Since my last post on Norwegian airlines, I’ve received two more emails with some really tempting deals. The first email was for expanded fights to Europe (from larger airports, this time around), while the second was from the East Coast to the French Caribbean.
Are any of you going to take advantage of these sales? I am sorely tempted!
Even though there is reason to be worried about flying (Ultra) Low Cost Carriers like Ryan Air and Monarch, particularly with the news of late, there isn’t reason to rule them out altogether. Norwegian is running quite a nice deal for those living on the East Coast who are looking to get to Europe. This flash sale is only open through tonight (Oct 2, 2017) just before midnight (23:59). Flights start at $99 per person, each way, and though the airports you fly from aren’t the bigger ones (Boston/Providence versus Boston Logan, and New York/Newburgh, for example), you can see some pretty amazing cities.
Though a low cost carrier (technically), Norwegian has a very young fleet including many Dreamliners and 737 MAXes with orders for A321LRes placed. Though the 737s flown by Norwegian don’t have premium seats (akin to Southwest), the Dreamliners do have premium seats with additional recline.
For a full breakdown of Norwegian’s fare-structure, head over to their website. One thing to keep in mind is that while the fares show that you can only have one carry on item, you are still permitted one personal item. The combined weight limit varies based on your fare, though.
The simplest part of all of this is the frequent flier program: NorwegianReward. At its essence, it is a cash-back program which makes it very easy to understand. You, naturally, earn more when you book flexible fares versus more restrictive fares, and you have the option of earning points through other avenues as well (hotels, rental cars, even Groupon).
Though it’s unlikely I’ll be taking advantage of the sale this time around, I’ll definitely be keeping an eye out for future offers!
The Boeing 757 is an iconic plane in its own right, though not always as distinguishable to the untrained eye as a 747 or A380. It has been in production from 1981 to 2004, and in service since 1983. In fact, many airlines are holding onto their 757s tightly because of the versatility offered by this plane, in range, passenger capacity, and flight abilities.
While browsing Reddit’s /r/Aviation subreddit, I came across an article about Norwegian looking to Airbus to use the A321neo to take the place of their 757s. While Norwegian is a staunch Boeing supporter and purchasing their new 737-MAX, they recognize that the 737 simply does not have the range that the 757 does, even with the improvements provided by the MAX variants. The A321neo’s Long Range variant, however, does meet this need.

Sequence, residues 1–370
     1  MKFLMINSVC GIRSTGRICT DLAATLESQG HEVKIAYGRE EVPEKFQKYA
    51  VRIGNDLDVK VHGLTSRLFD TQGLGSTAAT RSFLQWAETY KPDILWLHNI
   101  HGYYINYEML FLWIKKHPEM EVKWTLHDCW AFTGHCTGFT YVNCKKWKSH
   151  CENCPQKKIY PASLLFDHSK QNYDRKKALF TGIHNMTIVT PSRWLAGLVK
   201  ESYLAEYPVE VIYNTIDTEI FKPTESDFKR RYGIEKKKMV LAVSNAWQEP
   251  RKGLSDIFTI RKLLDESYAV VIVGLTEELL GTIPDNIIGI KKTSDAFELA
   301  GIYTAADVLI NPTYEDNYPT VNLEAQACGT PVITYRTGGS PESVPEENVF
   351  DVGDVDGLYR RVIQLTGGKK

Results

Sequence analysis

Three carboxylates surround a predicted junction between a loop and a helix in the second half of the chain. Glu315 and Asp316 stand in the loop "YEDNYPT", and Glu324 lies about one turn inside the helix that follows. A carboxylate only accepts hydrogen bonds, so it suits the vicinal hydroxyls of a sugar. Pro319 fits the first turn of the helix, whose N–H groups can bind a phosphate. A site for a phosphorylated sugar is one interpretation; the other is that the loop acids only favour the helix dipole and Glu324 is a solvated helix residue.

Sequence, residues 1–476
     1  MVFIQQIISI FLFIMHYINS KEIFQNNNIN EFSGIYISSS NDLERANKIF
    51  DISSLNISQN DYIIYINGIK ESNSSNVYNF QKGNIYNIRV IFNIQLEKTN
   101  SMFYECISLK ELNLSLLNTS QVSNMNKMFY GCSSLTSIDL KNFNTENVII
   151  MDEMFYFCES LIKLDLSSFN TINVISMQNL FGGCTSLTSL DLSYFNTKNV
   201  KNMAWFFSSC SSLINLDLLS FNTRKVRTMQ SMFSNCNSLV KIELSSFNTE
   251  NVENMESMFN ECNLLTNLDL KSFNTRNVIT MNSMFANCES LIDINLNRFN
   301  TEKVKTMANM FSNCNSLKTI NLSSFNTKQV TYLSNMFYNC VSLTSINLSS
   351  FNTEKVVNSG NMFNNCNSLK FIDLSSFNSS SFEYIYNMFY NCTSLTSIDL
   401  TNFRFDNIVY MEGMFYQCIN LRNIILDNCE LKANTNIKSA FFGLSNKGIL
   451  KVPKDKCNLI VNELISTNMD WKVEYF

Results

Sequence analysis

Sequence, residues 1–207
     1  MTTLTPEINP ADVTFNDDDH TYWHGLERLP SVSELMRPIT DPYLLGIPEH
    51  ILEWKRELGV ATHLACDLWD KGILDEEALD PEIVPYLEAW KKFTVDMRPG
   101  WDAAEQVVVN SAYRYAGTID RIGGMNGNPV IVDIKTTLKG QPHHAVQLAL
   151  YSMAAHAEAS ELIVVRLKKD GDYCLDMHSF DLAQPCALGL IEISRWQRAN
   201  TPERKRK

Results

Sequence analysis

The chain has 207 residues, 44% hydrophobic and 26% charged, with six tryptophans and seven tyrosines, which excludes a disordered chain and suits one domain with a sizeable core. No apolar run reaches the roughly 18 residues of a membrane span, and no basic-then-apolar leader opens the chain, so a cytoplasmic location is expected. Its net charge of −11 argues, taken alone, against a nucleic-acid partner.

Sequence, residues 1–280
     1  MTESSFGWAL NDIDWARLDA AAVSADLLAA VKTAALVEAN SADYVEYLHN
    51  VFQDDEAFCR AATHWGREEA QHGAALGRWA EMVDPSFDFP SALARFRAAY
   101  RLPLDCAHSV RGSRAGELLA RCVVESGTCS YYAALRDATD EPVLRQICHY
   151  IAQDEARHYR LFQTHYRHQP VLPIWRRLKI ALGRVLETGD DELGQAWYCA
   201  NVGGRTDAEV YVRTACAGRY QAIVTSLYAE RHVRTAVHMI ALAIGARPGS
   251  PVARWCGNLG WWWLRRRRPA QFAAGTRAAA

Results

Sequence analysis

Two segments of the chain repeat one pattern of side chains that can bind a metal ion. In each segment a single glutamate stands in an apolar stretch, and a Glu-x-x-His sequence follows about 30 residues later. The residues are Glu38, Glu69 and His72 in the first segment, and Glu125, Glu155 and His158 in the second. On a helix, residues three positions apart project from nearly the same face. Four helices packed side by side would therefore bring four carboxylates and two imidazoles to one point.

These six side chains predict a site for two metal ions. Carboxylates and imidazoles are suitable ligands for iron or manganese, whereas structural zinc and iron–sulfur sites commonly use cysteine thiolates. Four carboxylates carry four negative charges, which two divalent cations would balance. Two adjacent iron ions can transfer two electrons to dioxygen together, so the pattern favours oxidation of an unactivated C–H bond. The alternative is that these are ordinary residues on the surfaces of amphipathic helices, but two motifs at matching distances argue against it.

Benjamin from Business Insider goes on to explain that the issue is the size of the engines and the way the original 737 was designed. As I mentioned the other day, he A321neo-LR uses the CFM LEAP-1A engines, while the 737-MAX uses the CFM LEAP-1B engines:
An upgrade to a larger engine will likely involve a redesign of the 737’s landing gear. That’s because the 737 was designed in the 1960s to be powered by Pratt & Whitney’s JT8D engine with a much more compact fan diameter of 49 inches.
This means that whether it decides to modify the 737 or to build a new plane from scratch, it’ll be a move that will likely cost billions.
Also in the Business Insider article, there is a link to Patrick Smith’s Ask the Travel, where he discusses the shortcomings of the 737 from a pilot’s perspective. Most of what is discussed won’t directly affect a passenger, but one excerpt stands out:
Short runway? Stiff headwinds? Full payload? No problem. With 180 passengers on board, the plane can safely depart from a 6,000-foot runway, lifting off at a measly 135 knots (assuming flaps at 15 or 20), climb directly to 39,000 feet, and fly clear across the country. Nothing else can do that.
While the cramped cockpit of the 737 (versus A320, A321, or 757) isn’t something we won’t experience as passengers, one thing we can appreciate is versatility. The 757’s cabin is also roomier than the 737, as the 737 was initially designed as a regional jet.
Like I said, there are many airlines that are holding onto their 757s (Delta still has more than 150 in service) to be able to optimize the ratio of passengers to fuel-costs and maintenance. If the A321neo-LR can fill the void left by aging 757s, it would be a huge win for Airbus.